Let me start by stating that this post is not putting down ANY forms of classroom management! I write this assuming that EVERY teacher does what works best for them and their students. We come to this profession because we want to ignite a love of learning and help children discover their potential. When you have that as your primary goal (and I know you do!), the rest is… well, the REST!
I simply want to share my perspective that has come from my years of teaching in an inclusion classroom, and my personal experiences as a struggling student (a whole different blog post- or series!)
Now, let’s get to talking about this marble jar! Isn’t it pretty? My kids think so too!
Call me old fashioned, but I do not reward students for expected behavior.
- If the direction is to “Line Up Quietly,” you are expected to do it.
- If you remain focused during math centers and finish your work, that’s great! That’s what you were expected to do!
- You explained the directions to your friend who was absent yesterday? Thank you for being a kind friend. That’s what’s expected of students in this community!
That’s not to say that I don’t acknowledge their efforts and hard work! Oh no! Specific praise is a good friend of mine, and I enjoy pointing out what students are doing well. I know some behavior experts will say that’s a reward, and positive reinforcement. Yes it is, but it’s not done publicly, and does not involve anything other than those honest words. This is where I am trying to draw the distinction.
Please don’t get me wrong! I do not have a magical classroom where every child does everything right all the time! WE ARE TALKING ABOUT HUMANS, NOT ROBOTS! (and little humans no less!) Things go wrong all day, just like every classroom. It’s just that I choose to not reward my students for doing the right thing. It’s what’s expected.That doesn’t mean that I’m a bland, dreary teacher who is opposed to celebrating! On the contrary! I feel that by not celebrating when we meet expectations, we can place our focus on when students exceed expectations, and encourage them to do it often!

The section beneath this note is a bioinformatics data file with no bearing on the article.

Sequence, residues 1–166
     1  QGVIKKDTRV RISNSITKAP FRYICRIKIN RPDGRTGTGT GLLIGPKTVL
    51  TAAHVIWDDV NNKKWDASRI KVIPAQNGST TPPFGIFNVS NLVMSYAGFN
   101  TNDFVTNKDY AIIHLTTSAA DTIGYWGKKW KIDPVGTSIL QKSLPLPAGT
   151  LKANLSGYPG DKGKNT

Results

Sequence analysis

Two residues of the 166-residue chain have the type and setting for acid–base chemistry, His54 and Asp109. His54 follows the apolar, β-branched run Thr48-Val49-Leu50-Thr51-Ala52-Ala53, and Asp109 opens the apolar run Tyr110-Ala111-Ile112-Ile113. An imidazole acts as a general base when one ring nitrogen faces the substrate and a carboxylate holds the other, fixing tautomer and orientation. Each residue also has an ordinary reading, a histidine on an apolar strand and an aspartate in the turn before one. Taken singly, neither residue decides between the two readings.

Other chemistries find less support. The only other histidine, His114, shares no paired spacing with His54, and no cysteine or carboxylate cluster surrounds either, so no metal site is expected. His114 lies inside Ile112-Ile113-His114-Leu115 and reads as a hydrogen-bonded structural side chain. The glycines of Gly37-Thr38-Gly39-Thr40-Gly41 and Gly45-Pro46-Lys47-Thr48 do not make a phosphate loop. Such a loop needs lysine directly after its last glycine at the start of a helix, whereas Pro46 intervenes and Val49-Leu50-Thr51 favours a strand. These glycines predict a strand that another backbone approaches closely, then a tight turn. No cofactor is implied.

If you look closely at my marble jar label, it says “BRAVERY and SMART THINKING!”
These are the two things in my classroom that will earn students an external reward (in our case, a marble in the marble jar.) You may be asking yourself, ‘Bravery and smart thinking? What does that look like in a classroom?’ My favorite part about this is that it looks different for EVERY child!
What requires bravery for one child, may not for another. Here are some examples to help you get the gist of my meaning:
- A student who rarely speaks during whole group lessons shared a lengthy account of their weekend
- A struggling reader made it through an entire reading group session without saying “I can’t”
- A student reached out and made a new friend
- A student accepted a challenge and persevered
- A student performed at a school concert even though they were “too nervous!”
- The whole class made it through state testing!
- A student makes a powerful connection between something we are learning and something they have learned previously or experienced
- A student makes an insightful comment into a social conflict
- A struggling mathematician just related addition to subtraction and was able to share their understanding with a peer
- A student noticed that another student was having a hard time not talking to their friend at the carpet, and offered to switch places with them
- A student asks a probing question during a lesson that drives the conversation and helps everyone think deeper about the topic.